Politics

'Here & Now' Highlights: U.S. Sen. Tammy Baldwin, Janine Geske, James Small

Here's what guests on the December 2, 2022 episode said about the U.S. Senate passing the Respect for Marriage Act, a U.S. Supreme Court case over the authority of state legislatures in elections and why the emergency medical services system in Wisconsin is in crisis.

By Frederica Freyberg | Here & Now

December 5, 2022

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A split screen shows Frederica Freyberg and Tammy Baldwin in different locations.

Frederica Freyberg and U.S. Sen. Tammy Baldwin (Credit: PBS Wisconsin)


Wisconsin Democratic U.S. Sen. Tammy Baldwin was lead sponsor of the Respect for Marriage Act, which ensures that same-sex and interracial marriages are enshrined in federal law — she discusses her support for the bill. Former Wisconsin Supreme Court Justice Janine Geske is sounding the alarm on the importance of an election administration case set for oral arguments in the U.S. Supreme Court. The emergency medical services system across the state is in dire shape due to lack of funding, according to James Small, rural EMS outreach manager for the Wisconsin Office of Rural Health.

 

U.S. Sen. Tammy Baldwin
(D) Wisconsin

  • Sen. Baldwin said many people had been worried about the future recognition of their marriages because of the threat after the Dobbs v. Jackson decision in the U.S. Supreme Court in June 2022. The Respect for Marriage Act passed in a 61-36 bipartisan vote in the U.S. Senate and is headed toward passage in the U.S. House before moving on to the President's desk.
  • Baldwin: "Countless individuals have said how much it means to have a little bit more peace of mind now that the Respect for Marriage Act is headed towards being signed into law by President Biden. It's also meaningful in a sort of bigger arc of history, if you will. This vote would have been unimaginable just a decade ago. That's not where the Senate was. That's not where the Congress was. That's not where the people of the United States were. And what we've seen since marriage equality became the law of the land in 2015 is that there's nary a person around in Wisconsin or America who doesn't know somebody who's been impacted and benefited by marriage equality. It might be a neighbor. It might be somebody you go to church with. It might be a staff member, a colleague, a family member. I mean, it is now hard to imagine, you know, not knowing somebody who has been impacted, couples and families. And so I think hearts and minds have changed. In fact, I know that that's the case — 70% plus of Americans and Wisconsinites support marriage equality. And I guess we're gaining on those numbers. In the U.S. Senate, we had at least 61 out of 100 join together to pass the Respect for Marriage Act, and that says a lot about where we're moving as a country."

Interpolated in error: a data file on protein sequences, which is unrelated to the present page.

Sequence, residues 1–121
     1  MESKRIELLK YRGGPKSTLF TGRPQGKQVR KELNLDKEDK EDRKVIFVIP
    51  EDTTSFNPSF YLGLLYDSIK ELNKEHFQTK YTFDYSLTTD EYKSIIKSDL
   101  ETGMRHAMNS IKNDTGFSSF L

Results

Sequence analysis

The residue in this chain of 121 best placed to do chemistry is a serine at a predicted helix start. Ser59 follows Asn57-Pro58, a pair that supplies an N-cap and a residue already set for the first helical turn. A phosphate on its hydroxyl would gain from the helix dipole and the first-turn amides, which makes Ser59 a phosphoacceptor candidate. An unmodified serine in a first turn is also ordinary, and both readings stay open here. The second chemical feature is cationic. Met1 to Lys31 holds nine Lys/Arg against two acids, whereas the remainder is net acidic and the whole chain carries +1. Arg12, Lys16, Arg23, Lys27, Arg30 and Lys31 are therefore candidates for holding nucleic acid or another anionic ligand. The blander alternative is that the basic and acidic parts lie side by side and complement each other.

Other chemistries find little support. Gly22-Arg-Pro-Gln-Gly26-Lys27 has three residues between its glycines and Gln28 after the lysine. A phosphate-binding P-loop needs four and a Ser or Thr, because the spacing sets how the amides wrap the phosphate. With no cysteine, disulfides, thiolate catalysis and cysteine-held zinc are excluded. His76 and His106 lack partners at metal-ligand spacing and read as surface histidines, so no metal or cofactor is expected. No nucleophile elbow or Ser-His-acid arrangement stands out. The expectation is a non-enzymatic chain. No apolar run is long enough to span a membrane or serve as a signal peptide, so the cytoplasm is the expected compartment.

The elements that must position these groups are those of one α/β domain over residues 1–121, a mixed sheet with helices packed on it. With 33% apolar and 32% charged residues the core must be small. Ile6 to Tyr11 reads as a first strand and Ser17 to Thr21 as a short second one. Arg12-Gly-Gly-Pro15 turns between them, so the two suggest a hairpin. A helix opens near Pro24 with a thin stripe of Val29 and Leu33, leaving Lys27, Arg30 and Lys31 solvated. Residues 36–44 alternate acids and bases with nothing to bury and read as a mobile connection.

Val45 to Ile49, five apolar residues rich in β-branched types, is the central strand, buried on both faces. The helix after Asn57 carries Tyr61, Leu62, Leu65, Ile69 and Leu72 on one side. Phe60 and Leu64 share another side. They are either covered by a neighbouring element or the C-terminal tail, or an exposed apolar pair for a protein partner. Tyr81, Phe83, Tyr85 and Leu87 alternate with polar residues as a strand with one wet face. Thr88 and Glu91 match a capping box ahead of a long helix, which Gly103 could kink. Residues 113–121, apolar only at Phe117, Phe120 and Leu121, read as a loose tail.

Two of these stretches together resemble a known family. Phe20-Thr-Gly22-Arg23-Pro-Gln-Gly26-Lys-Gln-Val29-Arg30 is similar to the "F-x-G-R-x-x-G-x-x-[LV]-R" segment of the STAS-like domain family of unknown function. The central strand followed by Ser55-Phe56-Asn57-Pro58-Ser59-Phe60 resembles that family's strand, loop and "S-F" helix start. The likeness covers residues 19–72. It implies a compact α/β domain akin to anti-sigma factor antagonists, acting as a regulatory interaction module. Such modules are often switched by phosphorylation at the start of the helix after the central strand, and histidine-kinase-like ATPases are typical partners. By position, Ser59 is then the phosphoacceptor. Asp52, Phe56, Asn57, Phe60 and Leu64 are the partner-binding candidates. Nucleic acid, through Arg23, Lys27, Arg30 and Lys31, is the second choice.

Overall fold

• Wisconsin Republican U.S. Sen. Ron Johnson voted against the bill. “The Democrats continue to use this to create a state of fear over a settled issue in order to further divide Americans for their political benefit. The substitute amendment did not provide sufficient protection for those with strongly held religious beliefs," Johnson said in a statement. Baldwin responded to Johnson's no vote.
  • Baldwin: "He was on all sides of this issue, which was quite puzzling. I know early on he talked with a Wisconsin reporter and said he saw no reason to object to it, to not pass it, and then went through lots of machinations in particular, I think, citing some of the religious liberty concerns that some of my other Republican colleagues voiced. But we were able to fashion a response to that that led to the endorsement of this broad coalition of faith based organizations."